Despite HaMoked’s victory, its executive director, Jessica Montell, was not entirely satisfied.

“We welcome this decision, which saves a mother and her eight children, against whom there are no allegations of wrongdoing, from being made homeless,” she responded. “However, the court should have ruled against the whole policy of punitive demolitions as an illegal collective punishment, with doubtful effectiveness as a deterrent, even according to the military. It is long past time to end this barbaric practice, which contradicts basic principles of morality and justice.”

As it happens, the only “barbaric practice” going on in relation to the slaughter of Jews is that in which the Palestinian Authority engages. Encouraging violence against Israelis in schoolbooks and the media, the P.A. completes the circle by paying hefty stipends to terrorists and their families. Abu Bakr’s “poor” wife and kids have undoubtedly begun to collect their salary for his slaying of Ben-Yigal.

In addition, if they are patient, they have good cause to hope that one day in the not-so-distant future, Abu Bakr will be released from jail in a “prisoner swap” deal. Though the death penalty exists in Israeli law, it has only been implemented once in the country’s history, in 1962, against Nazi architect Adolf Eichmann. Palestinian terrorists know, therefore, that they have nothing to worry about in that respect, particularly those who set out to become “martyrs for Allah” while shedding the blood of Zionists.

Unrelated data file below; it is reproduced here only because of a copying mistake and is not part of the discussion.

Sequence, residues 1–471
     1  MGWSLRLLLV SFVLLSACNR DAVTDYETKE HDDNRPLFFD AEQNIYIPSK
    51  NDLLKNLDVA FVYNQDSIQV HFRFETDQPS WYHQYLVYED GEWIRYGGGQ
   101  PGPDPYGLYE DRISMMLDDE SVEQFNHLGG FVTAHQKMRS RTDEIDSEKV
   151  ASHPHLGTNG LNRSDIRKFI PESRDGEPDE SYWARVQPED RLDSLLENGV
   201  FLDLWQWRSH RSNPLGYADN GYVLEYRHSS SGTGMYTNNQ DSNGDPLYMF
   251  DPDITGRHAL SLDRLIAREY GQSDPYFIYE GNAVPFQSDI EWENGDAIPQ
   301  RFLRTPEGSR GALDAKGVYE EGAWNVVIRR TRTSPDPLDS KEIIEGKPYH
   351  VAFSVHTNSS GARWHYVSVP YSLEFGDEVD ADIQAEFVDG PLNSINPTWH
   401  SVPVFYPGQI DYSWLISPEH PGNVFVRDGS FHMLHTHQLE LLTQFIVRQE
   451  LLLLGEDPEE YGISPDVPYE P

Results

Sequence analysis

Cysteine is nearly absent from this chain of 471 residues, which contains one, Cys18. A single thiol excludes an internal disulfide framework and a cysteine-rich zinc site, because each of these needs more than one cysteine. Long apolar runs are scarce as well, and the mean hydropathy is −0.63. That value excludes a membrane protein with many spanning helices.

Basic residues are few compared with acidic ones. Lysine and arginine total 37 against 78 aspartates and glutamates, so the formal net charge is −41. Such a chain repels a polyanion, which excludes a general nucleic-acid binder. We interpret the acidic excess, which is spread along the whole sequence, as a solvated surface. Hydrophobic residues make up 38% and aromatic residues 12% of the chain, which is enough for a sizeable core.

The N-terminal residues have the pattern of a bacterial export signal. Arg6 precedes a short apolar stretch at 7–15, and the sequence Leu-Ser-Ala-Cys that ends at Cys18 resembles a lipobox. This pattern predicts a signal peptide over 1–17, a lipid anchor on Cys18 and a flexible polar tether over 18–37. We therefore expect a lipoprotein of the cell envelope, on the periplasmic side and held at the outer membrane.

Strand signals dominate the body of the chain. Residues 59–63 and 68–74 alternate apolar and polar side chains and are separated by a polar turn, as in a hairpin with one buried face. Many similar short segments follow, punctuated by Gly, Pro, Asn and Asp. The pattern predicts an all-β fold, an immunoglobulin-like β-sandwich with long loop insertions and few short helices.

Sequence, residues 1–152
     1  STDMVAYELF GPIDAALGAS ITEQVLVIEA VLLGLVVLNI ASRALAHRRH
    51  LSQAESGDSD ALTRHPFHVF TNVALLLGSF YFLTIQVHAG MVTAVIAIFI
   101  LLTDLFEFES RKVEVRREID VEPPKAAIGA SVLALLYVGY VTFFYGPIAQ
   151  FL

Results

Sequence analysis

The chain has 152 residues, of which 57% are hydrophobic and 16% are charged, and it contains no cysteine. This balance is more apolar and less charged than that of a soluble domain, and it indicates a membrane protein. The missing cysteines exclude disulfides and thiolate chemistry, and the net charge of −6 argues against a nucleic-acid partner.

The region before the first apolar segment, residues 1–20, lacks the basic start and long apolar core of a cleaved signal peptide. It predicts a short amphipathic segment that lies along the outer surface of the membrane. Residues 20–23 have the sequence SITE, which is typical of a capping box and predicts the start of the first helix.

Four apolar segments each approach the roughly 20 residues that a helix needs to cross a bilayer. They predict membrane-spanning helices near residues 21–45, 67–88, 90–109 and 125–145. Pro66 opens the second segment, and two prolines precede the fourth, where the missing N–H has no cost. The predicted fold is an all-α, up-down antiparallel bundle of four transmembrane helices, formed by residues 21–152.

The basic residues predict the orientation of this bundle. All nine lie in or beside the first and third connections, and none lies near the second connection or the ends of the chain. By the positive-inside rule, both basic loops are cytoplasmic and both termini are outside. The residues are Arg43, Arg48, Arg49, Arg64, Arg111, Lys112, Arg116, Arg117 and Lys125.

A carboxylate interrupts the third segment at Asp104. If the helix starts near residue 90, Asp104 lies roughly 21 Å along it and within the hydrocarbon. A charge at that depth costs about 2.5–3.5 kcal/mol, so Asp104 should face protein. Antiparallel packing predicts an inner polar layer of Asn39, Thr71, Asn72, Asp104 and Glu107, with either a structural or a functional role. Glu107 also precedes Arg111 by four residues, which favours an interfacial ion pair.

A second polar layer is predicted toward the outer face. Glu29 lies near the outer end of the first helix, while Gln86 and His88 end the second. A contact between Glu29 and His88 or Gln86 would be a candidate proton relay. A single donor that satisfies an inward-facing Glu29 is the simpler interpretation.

This presents a deterrence problem that Israel only has been able to reduce—certainly not solve—through home demolitions. Just as the P.A. invites and incites terrorism by rewarding the families of terrorists, Israel curbs it somewhat by holding those families accountable in a manner that causes would-be perpetrators to think twice before embarking on missions that might have a negative effect on their parents, spouses and/or children. Abu Bakr is no exception.

That left-wing activists consider this extremely mild form of deterrence—culled from assessments of the culture in which the Palestinians are submerged—a cruel form of “collective punishment” is par for the course.

But the Supreme Court is not supposed to base its rulings on the political bias of its judges. Sadly, however, many of these consider it not only their job to overturn government moves that they oppose, but their moral imperative to do so.

Justice for the likes of Ben-Yigal and every other Israeli who daily risks his/her life for the country doesn’t seem to come into the equation.

Ruthie Blum is an Israel-based journalist and author of “To Hell in a Handbasket: Carter, Obama, and the ‘Arab Spring.’ ”